By Times 7, Jan 25, 2022
Multiplexers connect multiple antennas to a single reader port. This allows your customers to make more efficient use of expensive hardware to reduce the cost of their UHF RFID application. Do your customers require multiple antennas for their applications? Discover what a multiplexer does and how it can benefit your customers by reading on.
Connecting Multiple Antennas to One Reader
Multiplexers use a combination of intelligent hardware and software to allow one Antenna port to support multiple antennas for transmitting and receiving. This allows for more antennas to be used by a single reader.
RFID multiplexers incorporate multiplexing and demultiplexing
An RFID system requires communication both to and from the tag. This means that a multiplexer needs to receive a signal from a single port of the reader and deliver this signal to one of the multiple output ports. This is called demultiplexing, as the multiplexer takes a single input and has numerous outputs. Once the tag has received this signal, it will send information back. So, the multiplexer needs to accept multiple inputs and output this to one port for the reader; this is called multiplexing.
RFID Multiplexers use switches to select which antenna is active at a time, therefore most multiplexers will also require an additional connection to the reader.
Multiplexers are low cost, easy to deploy and provide high coverage
Low Cost: Multiplexers are cost-effective because in cases where a large amount of coverage is needed, a large number of antennas may be required. This can require installing multiple RFID readers to power the antennas. Since RFID readers are more expensive than RFID multiplexers, customers can save hardware costs by using multiplexers to reduce the number of RFID readers needed.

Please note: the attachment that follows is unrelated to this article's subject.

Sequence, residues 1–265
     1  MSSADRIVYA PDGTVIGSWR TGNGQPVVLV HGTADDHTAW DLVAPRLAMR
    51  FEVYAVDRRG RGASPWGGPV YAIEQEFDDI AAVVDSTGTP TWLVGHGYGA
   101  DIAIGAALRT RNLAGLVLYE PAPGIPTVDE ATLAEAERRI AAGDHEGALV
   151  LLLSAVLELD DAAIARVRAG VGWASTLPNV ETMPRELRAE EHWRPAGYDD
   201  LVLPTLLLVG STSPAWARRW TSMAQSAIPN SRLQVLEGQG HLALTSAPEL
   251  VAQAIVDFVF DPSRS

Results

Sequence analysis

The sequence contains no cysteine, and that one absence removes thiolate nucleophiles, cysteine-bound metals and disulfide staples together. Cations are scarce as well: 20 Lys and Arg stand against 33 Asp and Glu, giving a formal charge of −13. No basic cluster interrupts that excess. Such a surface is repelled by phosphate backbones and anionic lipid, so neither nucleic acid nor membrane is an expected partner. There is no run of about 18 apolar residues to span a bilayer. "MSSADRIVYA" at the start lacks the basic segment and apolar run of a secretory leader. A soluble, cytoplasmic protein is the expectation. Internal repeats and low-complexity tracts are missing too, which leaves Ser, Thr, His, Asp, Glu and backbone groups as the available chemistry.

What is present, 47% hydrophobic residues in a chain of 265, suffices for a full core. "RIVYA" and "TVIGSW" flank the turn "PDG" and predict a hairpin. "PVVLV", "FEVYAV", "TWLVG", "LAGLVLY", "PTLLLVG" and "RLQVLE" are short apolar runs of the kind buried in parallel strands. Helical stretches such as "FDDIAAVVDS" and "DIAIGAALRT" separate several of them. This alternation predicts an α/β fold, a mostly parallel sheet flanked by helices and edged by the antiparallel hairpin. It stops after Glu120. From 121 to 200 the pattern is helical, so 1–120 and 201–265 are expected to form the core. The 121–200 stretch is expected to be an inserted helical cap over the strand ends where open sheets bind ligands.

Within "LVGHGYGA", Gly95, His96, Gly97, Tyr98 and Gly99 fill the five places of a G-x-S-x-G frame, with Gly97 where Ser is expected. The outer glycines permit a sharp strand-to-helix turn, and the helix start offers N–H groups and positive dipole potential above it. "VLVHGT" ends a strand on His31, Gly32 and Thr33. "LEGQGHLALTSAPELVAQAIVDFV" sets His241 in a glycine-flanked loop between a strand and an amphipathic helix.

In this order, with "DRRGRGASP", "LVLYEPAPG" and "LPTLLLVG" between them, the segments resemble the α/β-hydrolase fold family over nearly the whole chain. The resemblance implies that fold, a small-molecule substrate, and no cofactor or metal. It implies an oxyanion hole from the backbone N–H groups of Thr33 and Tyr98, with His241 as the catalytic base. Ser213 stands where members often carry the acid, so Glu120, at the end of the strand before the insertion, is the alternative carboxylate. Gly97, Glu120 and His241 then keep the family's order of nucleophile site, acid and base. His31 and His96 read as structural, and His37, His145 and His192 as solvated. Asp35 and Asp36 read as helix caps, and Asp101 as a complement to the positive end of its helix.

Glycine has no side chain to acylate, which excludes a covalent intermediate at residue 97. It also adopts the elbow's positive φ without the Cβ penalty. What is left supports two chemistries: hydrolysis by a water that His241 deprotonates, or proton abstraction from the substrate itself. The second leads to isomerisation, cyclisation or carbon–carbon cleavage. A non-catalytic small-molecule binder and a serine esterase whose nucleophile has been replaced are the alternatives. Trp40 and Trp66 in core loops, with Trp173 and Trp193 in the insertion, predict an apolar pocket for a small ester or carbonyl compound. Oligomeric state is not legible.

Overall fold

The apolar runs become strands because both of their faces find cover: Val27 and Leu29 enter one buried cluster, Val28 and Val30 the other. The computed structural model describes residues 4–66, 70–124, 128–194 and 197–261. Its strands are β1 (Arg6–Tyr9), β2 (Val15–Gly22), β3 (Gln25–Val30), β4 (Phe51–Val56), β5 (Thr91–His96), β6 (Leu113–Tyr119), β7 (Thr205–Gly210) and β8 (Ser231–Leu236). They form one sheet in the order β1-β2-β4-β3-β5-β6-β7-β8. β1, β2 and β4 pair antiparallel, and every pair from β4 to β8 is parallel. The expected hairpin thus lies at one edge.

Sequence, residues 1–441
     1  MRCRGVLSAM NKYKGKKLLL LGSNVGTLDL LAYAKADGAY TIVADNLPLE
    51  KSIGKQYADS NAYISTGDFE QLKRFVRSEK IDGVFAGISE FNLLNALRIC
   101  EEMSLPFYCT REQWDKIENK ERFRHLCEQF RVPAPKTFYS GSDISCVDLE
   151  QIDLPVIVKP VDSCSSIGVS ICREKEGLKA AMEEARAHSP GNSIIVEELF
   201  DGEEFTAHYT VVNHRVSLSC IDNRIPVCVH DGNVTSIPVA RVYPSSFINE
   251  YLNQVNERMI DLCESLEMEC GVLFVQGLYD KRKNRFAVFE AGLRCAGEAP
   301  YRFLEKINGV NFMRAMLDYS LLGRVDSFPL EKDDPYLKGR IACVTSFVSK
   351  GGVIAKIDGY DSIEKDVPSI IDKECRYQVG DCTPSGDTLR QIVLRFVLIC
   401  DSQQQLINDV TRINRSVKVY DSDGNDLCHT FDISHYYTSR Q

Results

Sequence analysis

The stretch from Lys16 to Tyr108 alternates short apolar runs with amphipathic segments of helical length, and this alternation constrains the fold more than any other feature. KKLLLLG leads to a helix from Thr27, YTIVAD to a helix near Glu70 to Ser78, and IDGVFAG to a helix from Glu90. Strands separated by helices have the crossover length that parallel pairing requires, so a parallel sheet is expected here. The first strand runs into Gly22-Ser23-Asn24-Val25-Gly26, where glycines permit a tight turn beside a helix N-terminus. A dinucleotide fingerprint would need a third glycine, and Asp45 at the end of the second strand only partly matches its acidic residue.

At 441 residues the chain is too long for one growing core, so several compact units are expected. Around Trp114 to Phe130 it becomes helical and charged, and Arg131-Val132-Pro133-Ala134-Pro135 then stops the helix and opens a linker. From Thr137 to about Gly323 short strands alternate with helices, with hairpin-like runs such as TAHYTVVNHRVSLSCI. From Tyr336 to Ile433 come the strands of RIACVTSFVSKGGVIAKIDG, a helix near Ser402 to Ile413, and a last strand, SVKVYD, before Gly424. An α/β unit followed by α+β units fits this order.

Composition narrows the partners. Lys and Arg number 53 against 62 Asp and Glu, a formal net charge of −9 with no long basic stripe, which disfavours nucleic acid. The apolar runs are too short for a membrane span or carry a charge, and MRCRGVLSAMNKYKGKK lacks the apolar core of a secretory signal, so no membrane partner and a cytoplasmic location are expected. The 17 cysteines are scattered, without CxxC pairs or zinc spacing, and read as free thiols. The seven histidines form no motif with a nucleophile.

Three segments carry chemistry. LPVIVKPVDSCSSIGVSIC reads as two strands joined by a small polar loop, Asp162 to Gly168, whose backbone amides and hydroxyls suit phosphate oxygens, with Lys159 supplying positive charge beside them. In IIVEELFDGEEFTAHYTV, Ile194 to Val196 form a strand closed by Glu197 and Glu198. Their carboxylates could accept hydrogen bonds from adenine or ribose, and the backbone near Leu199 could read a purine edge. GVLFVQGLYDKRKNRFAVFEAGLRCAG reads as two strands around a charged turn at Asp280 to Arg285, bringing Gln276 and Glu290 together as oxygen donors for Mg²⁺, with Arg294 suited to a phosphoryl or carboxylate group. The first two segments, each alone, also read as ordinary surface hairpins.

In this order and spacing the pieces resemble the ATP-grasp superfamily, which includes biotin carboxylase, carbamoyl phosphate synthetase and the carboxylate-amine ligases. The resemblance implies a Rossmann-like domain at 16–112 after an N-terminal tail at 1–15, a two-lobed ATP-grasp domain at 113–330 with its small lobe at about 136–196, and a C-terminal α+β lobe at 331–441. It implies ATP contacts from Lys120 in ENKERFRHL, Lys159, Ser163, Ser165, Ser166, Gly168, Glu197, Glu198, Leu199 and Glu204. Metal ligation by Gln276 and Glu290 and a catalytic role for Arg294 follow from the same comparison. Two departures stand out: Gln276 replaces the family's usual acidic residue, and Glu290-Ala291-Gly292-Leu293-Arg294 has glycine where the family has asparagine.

In an RFID system, each RFID reader will require setting up from a trained system integrator. Reducing the number of readers by making more efficient use of their ports reduces the hardware cost and the service cost for deployments by saving unnecessary work.
Easy Deployment: Multiplexers are often proprietary to their respective companies; this means that their connection to the reader is streamlined and simple. Allowing for easy deployment for any system integrator. An example of how easy Multiplexers are to deploy can be seen with Impinj’s Antenna Hubs (Multiplexers) which have simple setup guides available here.
High Coverage: Multiplexers can provide a single RFID Reader with a connection for up to 32 antennas. Typically, a fixed reader connects between two and eight antennas.
Determine the application and frequency before using a multiplexer. The right multiplexer depends on the customer's application and the frequency of use. Multiplexing isn't right for every application; RFID readers will only communicate through one antenna at a time. This means that if you increase the number of antennas, you will decrease how frequently an antenna reads. For applications that are reading fast-moving objects, this can be an issue. However, for applications that need to update infrequently, like stock tracking, Multiplexers can allow large warehouses to be covered with great efficacy.
Use cases that can benefit from a Multiplexer:
Inventory management in large warehouses
Item tracking in large facilities
Real-time visibility in manufacturing
Equipment monitoring in hospitals
Office asset tracking
Applications requiring a large area of coverage
RFID systems with expansive coverage may require several RFID readers to achieve the end goal. With a Multiplexor, users can get extensive RFID coverage with a reduced number of readers.